The Role of Re-entry in the Retirement Process
To what extent do older Americans re-enter the labor force after an initial exit and what drives these “unretirement” decisions? Retirement for most older Americans with full-time career jobs is not a one-time, permanent event. Labor force exit is more likely to be a process. Prior studies have found that between one half and two thirds of career workers take at least one other job before exiting from the labor force completely. The transitional nature of retirement may be even more pronounced when considering the impact of re-entry. This paper examines the extent to which older Americans with career jobs re-entered the labor force. The analysis is based on data from the Health and Retirement Study (HRS), an ongoing, longitudinal survey of older Americans that began in 1992. We examined the retirement patterns of a subset of 5,617 HRS respondents who were on a full-time career job at the time of the first interview. Logistic regression was used to explore determinants of re-entry among those who initially exited the labor force. We found that approximately 15 percent of older Americans with career jobs returned to the labor force after initially exiting. Respondents were more likely to re-enter if they were younger, were in better health, or had a defined-contribution pension plan. This research provides empirical evidence of how older Americans are utilizing bridge jobs as they transition from career employment, and that re-entry may be an important part of the work experience of older Americans.
|Date of creation:||Jun 2010|
|Contact details of provider:|| Postal: 2 Massachusetts Avenue, N.E. Room 2860, Washington, D. C. 20212|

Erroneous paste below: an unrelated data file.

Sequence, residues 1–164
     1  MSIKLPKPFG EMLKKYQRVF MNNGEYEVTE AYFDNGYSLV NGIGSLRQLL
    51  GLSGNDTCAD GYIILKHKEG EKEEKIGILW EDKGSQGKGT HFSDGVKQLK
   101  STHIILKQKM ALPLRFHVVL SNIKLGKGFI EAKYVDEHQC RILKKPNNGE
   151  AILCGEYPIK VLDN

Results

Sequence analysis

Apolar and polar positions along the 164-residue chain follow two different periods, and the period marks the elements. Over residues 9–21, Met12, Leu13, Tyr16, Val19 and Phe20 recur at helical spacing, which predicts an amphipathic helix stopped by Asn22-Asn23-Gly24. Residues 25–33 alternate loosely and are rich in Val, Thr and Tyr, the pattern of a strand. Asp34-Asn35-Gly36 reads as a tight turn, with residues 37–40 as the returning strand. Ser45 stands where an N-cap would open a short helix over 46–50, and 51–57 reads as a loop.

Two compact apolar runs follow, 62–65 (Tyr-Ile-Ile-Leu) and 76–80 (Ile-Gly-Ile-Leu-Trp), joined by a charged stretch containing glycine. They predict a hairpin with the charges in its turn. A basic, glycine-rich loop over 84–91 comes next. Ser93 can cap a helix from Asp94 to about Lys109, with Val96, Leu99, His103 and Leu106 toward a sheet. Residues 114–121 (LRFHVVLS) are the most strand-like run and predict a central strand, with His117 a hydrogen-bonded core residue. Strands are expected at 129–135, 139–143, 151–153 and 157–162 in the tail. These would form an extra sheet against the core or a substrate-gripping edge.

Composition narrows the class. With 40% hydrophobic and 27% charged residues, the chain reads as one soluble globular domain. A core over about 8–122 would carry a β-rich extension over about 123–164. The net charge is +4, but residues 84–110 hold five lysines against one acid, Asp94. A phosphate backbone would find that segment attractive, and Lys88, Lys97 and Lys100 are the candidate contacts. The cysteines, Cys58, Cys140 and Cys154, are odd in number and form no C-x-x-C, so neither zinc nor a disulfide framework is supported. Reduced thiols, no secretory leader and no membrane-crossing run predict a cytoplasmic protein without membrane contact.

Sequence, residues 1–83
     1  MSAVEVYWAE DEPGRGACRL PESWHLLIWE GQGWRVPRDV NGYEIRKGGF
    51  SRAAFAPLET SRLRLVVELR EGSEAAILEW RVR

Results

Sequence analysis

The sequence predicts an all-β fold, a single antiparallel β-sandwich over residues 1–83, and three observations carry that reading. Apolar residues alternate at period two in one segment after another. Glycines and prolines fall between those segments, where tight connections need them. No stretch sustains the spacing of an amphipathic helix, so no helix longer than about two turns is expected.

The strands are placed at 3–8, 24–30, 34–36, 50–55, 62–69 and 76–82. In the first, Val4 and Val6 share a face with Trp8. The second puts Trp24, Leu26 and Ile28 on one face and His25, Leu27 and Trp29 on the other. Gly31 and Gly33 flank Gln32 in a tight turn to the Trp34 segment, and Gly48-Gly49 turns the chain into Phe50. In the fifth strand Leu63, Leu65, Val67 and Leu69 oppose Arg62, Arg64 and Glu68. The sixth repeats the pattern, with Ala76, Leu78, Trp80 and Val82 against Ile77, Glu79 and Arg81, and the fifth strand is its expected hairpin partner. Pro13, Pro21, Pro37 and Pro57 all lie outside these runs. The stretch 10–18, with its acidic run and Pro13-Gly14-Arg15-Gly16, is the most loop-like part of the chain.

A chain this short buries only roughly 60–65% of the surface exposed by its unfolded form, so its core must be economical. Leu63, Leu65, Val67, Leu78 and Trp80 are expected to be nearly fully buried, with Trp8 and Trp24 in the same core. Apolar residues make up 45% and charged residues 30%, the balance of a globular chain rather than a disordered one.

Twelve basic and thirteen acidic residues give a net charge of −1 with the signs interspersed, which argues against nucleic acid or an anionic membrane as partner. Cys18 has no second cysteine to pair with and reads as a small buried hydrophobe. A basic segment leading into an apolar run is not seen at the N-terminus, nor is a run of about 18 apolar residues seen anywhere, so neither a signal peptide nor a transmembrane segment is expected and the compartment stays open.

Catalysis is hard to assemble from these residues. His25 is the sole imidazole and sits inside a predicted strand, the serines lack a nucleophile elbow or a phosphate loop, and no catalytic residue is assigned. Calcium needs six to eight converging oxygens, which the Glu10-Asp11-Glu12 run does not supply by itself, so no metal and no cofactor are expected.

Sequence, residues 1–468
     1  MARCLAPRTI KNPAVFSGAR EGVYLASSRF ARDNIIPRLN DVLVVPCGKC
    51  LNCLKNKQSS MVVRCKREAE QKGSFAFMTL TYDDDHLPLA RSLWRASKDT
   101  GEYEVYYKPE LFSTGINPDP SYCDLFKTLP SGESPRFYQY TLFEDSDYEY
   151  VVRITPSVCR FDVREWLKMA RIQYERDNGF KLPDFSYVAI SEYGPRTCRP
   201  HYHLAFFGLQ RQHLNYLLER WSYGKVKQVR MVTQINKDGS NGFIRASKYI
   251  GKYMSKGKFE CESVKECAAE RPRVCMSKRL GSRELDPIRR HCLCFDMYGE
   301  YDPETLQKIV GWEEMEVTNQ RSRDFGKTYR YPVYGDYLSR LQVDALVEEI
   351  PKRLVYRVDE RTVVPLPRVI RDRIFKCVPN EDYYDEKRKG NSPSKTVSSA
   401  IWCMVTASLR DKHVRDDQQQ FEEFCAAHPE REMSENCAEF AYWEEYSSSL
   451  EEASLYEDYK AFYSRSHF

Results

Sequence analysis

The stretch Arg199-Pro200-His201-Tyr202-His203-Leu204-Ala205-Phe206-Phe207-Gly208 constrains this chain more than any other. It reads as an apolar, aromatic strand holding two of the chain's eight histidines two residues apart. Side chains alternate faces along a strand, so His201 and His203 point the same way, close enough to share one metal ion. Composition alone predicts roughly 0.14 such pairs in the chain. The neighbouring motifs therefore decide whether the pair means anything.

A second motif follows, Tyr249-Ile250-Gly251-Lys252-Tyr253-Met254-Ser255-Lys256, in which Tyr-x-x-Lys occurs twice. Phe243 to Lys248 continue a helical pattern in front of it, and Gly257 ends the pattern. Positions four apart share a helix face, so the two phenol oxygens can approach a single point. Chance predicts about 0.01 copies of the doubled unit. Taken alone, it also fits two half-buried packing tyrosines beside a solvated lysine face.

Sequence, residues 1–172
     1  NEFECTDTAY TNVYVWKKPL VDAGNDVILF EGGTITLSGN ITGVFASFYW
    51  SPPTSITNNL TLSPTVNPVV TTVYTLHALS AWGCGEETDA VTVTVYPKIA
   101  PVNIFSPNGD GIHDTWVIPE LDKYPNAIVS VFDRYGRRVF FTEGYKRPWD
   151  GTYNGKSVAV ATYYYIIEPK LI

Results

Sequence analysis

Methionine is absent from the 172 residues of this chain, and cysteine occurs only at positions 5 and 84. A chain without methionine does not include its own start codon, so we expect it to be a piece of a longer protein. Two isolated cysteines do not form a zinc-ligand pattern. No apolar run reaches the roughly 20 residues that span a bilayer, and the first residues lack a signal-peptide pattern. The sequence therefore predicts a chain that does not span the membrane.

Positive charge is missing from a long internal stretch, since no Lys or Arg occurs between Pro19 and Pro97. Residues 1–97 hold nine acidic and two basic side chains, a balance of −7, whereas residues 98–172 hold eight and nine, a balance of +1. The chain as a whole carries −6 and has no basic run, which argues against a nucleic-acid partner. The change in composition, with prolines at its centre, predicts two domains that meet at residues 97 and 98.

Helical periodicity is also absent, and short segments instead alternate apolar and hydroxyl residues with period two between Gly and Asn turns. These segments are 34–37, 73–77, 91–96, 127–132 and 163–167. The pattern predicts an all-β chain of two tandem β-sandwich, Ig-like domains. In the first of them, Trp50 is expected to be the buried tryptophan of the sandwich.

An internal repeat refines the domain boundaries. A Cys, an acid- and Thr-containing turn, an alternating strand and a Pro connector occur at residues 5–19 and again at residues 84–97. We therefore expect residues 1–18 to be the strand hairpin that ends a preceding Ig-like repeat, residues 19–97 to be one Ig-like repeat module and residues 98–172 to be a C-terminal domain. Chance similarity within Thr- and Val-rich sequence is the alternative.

Phone: (202) 606-5900
Fax: (202) 606-7890
Web page: http://www.bls.gov
More information through EDIRC
When requesting a correction, please mention this item's handle: RePEc:bls:wpaper:ec100070. See general information about how to correct material in RePEc.
For technical questions regarding this item, or to correct its authors, title, abstract, bibliographic or download information, contact: (Gregory Kurtzon)
If you have authored this item and are not yet registered with RePEc, we encourage you to do it here. This allows to link your profile to this item. It also allows you to accept potential citations to this item that we are uncertain about.
If references are entirely missing, you can add them using this form.
If the full references list an item that is present in RePEc, but the system did not link to it, you can help with this form.
If you know of missing items citing this one, you can help us creating those links by adding the relevant references in the same way as above, for each refering item. If you are a registered author of this item, you may also want to check the "citations" tab in your profile, as there may be some citations waiting for confirmation.
Please note that corrections may take a couple of weeks to filter through the various RePEc services.